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Why they won't win SEC crown

Last Modified: Friday, August 15, 2014 10:53 AM

By Scooter Hobbs / American Press

Serious football analysts were taken aback at SEC Media Days last month when, amidst all the back-slapping, it came to light from the preseason poll that somebody had voted for Arkansas to win the Southeastern Conference championship.

Though no formal investigation was convened, it was never proven to be a practical joke or a blatant misprint.

So perhaps that just goes to show you that, in the SEC, there’s something to be said for everybody.

I tend to take the other tact.

Maybe, just feeling negative today, but I can also give you solid reasons AGAINST any team in the SEC winning even a division title, let alone the whole thing.

So let’s do it. I’ll show you how it works.

SEC West

Alabama: Nothing like tackling the easy one first.

The Crimson Tide, you may have heard, are the overwhelming choice by the media to win the title. Apparently this is based on the notion that Bama has the best players, the strongest players, the fastest players, the best head coach, the best assistants, the best vibe, the best history, the best fans, the SEC Office in its back pocket and, for that matter, the Tide don’t really need a quarterback or his girlfriend.

Well, uh … sometimes that’s overrated. Really, work with me here. Saban & Co. had all of that last year, and more, even a quarterback and his girlfriend, and didn’t win a single championship.

Bottom line: If Oklahoma can beat them without fluke plays, it’s definitely doable.

Auburn: First of all, Auburn got a lot of love and first-place votes for a team that still has to prove that it wasn’t a one-hit wonder that caught lightning in a bottle and Saban with his pants down.

Now, if you can guarantee that, in back-to-back games, Georgia defensive backs will knock each other out of a play and Alabama’s field goal team will stand around and watch history, OK, I’m all in.

Bottom line: It’s a leap of faith to think you can count on two of the flukiest (luckiest) plays of the season again.

LSU: So here’s LSU’s spin on things: Yes, the Tigers are going to be ridiculously young, but — not to worry — the brain trust anticipated this well in advance and the incoming freshman class was recruited specifically to be battle-tested ready to compete for titles immediately.

Never mind that this defies football sense. It probably breaks several known laws of physics.

Bottom line: Good luck with it anyway, especially at quarterback.

Ole

Miss: Oh, gosh, we’ve heard this one before, although the Rebels haven’t made this much noise since back in the days of Eli Manning.

But the Rebels are really, really ready this time — and, unlike most of the rest of the SEC, they have a proven and talented quarterback. And they did win three conference games last year.

On the other hand, Ole Miss is still the only SEC West team never to represent the division in the title game.

Bottom line: Again, we’ve heard this before and nothing much ever came of it.

Mississippi

State: You can almost group the two Mississippi schools together — although it would be wise to have ample security on hand.

The Bulldogs also have a proven quarterback and unusually high expectations.

Pardon me while I nod off.

Bottom line: At some point Dan Mullen has to win a game against the SEC’s upper tier.

Texas

A&M: The Aggies have been surprisingly tough and unfazed in their first two years of SEC play, have recruited like crazy and seem to have Saban’s number.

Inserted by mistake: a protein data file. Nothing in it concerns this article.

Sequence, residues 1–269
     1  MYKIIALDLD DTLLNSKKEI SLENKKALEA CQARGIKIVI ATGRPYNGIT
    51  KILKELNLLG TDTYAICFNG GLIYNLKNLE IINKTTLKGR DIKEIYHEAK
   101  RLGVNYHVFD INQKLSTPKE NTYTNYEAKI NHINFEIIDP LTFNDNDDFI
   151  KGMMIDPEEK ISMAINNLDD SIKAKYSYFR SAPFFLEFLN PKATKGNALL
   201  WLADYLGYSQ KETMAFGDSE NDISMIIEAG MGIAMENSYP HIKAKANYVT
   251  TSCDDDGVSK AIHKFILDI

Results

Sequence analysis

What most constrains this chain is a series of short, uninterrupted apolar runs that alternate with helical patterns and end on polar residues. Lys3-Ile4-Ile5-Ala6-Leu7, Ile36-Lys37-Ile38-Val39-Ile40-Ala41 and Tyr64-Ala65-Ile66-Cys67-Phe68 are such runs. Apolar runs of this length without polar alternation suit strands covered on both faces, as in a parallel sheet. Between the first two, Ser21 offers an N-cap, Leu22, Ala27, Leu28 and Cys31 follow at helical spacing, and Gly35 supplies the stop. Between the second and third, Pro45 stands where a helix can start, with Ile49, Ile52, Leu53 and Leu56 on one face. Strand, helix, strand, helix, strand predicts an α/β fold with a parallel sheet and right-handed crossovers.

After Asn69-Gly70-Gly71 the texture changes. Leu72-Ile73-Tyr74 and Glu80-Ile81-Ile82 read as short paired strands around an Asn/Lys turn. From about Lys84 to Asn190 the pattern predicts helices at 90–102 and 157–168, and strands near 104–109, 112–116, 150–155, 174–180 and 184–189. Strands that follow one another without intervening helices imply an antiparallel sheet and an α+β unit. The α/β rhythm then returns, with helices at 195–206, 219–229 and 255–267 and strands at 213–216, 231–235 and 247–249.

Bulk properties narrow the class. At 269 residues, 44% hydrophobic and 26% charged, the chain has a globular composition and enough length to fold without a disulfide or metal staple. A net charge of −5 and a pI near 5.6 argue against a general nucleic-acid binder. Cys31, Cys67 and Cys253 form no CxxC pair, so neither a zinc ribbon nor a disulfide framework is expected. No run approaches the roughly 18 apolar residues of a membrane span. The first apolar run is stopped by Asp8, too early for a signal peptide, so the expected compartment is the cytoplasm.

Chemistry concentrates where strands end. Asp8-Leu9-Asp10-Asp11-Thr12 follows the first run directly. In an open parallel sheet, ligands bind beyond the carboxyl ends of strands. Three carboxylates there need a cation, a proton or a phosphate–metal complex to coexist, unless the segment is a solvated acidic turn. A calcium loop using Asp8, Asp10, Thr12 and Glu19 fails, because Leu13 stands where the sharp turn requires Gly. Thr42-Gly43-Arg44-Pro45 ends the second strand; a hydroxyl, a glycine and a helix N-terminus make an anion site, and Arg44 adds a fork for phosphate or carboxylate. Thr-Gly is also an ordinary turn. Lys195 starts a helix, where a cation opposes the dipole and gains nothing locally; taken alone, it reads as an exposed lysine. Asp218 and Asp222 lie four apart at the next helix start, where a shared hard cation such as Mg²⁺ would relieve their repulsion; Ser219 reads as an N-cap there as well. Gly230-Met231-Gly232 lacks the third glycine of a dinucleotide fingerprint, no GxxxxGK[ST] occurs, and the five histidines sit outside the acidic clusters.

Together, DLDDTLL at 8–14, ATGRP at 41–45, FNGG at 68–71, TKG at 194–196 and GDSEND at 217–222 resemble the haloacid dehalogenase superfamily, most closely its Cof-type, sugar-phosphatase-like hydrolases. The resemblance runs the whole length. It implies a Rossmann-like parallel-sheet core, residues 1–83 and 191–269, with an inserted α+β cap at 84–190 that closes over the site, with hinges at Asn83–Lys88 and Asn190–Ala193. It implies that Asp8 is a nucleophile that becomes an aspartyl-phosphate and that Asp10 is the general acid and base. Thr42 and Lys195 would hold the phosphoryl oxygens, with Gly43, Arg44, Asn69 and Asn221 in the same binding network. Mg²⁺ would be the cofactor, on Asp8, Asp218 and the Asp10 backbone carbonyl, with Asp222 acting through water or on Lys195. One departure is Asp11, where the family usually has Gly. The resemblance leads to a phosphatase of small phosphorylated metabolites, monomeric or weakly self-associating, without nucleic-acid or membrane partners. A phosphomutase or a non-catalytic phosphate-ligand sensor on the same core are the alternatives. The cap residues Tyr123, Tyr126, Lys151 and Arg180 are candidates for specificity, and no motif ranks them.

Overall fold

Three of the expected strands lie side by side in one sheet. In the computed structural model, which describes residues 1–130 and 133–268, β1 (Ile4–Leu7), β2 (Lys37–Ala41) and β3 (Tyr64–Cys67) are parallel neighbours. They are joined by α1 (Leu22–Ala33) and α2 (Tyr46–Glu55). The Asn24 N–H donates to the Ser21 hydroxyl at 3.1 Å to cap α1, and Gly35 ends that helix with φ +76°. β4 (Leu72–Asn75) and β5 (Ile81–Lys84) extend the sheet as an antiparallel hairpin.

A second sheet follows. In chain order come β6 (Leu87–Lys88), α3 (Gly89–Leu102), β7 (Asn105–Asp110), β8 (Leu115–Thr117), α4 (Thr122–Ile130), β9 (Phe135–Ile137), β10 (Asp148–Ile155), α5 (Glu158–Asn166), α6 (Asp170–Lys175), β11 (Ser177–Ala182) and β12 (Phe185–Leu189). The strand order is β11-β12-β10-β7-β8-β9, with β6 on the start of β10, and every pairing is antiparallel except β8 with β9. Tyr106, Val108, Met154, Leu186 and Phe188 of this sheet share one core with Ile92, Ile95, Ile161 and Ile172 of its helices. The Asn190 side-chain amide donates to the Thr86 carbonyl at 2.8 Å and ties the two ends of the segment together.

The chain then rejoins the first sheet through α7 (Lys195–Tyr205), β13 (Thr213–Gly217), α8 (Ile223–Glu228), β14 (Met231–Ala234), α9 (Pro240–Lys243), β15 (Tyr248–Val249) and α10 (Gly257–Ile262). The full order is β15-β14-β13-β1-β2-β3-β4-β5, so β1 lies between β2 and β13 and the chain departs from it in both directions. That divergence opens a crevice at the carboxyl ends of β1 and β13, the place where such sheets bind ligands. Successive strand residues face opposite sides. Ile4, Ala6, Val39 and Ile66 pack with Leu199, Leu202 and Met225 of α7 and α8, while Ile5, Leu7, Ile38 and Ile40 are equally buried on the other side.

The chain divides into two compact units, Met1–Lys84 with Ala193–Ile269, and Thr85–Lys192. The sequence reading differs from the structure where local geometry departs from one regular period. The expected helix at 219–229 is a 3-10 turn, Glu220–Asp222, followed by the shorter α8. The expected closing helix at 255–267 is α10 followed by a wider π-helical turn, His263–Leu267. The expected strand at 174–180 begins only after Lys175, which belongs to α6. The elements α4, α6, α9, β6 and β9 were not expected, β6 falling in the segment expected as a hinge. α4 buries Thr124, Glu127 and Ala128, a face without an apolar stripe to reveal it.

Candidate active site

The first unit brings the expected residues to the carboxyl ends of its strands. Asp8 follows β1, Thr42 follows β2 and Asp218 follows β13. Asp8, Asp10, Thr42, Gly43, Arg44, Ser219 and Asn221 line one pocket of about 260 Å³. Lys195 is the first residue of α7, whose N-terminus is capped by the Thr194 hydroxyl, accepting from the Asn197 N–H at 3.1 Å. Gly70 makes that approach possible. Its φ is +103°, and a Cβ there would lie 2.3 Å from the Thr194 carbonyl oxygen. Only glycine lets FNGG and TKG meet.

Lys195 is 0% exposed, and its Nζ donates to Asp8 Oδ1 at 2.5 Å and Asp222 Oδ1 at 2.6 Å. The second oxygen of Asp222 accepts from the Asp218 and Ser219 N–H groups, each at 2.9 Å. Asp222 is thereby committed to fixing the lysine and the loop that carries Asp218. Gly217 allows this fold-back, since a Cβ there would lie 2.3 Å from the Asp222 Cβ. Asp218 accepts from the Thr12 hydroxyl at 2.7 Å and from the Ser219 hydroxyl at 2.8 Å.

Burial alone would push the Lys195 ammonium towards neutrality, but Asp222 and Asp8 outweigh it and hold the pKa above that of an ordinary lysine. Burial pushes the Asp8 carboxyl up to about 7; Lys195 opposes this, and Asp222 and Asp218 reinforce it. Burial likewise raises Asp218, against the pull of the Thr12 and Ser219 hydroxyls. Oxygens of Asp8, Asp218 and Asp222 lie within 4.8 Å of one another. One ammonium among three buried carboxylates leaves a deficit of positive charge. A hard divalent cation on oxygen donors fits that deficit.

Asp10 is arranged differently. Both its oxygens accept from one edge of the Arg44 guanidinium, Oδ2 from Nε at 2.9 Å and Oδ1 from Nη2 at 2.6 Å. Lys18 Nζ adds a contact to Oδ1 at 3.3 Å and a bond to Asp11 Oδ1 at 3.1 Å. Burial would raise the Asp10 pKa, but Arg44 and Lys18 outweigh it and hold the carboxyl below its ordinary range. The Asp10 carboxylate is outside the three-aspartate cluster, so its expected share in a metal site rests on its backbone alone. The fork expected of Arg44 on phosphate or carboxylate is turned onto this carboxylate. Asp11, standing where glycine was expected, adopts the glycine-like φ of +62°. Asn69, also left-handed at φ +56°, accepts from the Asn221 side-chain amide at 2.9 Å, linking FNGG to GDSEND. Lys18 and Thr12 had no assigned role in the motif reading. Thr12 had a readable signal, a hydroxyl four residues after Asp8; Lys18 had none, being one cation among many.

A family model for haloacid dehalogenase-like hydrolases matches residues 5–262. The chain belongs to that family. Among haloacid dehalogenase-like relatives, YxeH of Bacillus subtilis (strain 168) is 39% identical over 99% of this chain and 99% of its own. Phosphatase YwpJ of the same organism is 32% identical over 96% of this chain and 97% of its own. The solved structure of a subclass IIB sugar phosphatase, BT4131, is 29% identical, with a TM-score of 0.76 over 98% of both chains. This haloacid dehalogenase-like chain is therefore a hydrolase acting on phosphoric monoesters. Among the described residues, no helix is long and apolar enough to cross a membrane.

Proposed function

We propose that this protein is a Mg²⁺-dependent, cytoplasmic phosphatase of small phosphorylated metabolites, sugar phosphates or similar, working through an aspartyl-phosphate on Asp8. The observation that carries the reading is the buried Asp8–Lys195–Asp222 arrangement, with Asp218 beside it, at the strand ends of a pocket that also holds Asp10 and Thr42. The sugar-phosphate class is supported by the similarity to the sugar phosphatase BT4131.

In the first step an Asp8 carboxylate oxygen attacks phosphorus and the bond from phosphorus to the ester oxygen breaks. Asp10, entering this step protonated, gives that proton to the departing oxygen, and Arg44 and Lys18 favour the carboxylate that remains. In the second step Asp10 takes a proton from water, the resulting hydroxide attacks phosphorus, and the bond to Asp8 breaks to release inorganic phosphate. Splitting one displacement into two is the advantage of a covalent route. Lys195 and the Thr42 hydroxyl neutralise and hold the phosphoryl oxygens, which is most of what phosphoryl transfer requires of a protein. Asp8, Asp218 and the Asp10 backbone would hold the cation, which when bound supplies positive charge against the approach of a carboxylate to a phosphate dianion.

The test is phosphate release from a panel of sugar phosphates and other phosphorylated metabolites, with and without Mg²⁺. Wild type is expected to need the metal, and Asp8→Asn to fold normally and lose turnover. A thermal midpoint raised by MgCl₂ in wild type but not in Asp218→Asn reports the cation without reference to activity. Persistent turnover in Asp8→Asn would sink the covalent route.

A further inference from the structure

Oh, and they also had the most dynamic football player in a generation, and Johnny Football doesn’t live here anymore.

Bottom line: Most of that awful defense is, in fact, returning.

Arkansas: Sure, the Razorbacks went 0-8 in the SEC last year, but Auburn went 0-8 the year before and look at that turnaround. So you’re saying it’s possible …

Auburn also had a new coach with a dynamic offense that was a shock to the system of the staid old SEC.

Bottom line: The offense Bret Bielema runs has been around since the Stone Age.

Sec East

South

Carolina: Steve Spurrier has changed the culture in South Carolina to where it’s no longer enough to just show up and play hard.

But, though little known outside the state, the Curse of the Chicken still casts a long shadow and forboding dread over the program.

Bottom line: Gamecocks still have to prove they’re good enough to be more than just a nuisance.

Georgia: On paper, this is the best team and it’s ready to bounce back from all the injuries last year.

But Georgia always finds a way to slip up somewhere unexpectedly.

Bottom line: Still hard to believe the Dawgs are one of the few SEC teams not win the BCS title.

Florida: The Gators hit rock bottom this year and got a new offensive coordinator to keep Will Muschamp from getting fired on the spot. Besides, it makes absolutely no sense for Florida to be that far down.

Bottom line: Gators, shockingly, still don’t have any wide receivers.

Missouri: The Tigers won it last year, remember? Me either.

Bottom line: Nobody has ever fully explained how Mizzou ended up in the SEC title game, although a perfect storm is suspected. No way it happens again.

Tennessee: The Vols been down long enough and Butch Jones has been recruiting up to Big Orange Standards.

It’s only a matter of time, they say.

Bottom line: Now is not that time.

Vanderbilt: This isn’t your father’s cuddly old Vanderbilt. James Franklin changed that and new coach Derek Mason seems even more dynamic.

Bottom line: It’s still Vanderbilt. Even under Franklin the Commodores were upgraded to competitive, not contenders.

Kentucky: Really now, think about it. Does Kentucky actually need another reason not to win the East? Didn’t think so.

Bottom line: Next question.

l

Scooter Hobbs covers LSU

athletics. Email him at

shobbs@americanpress.com

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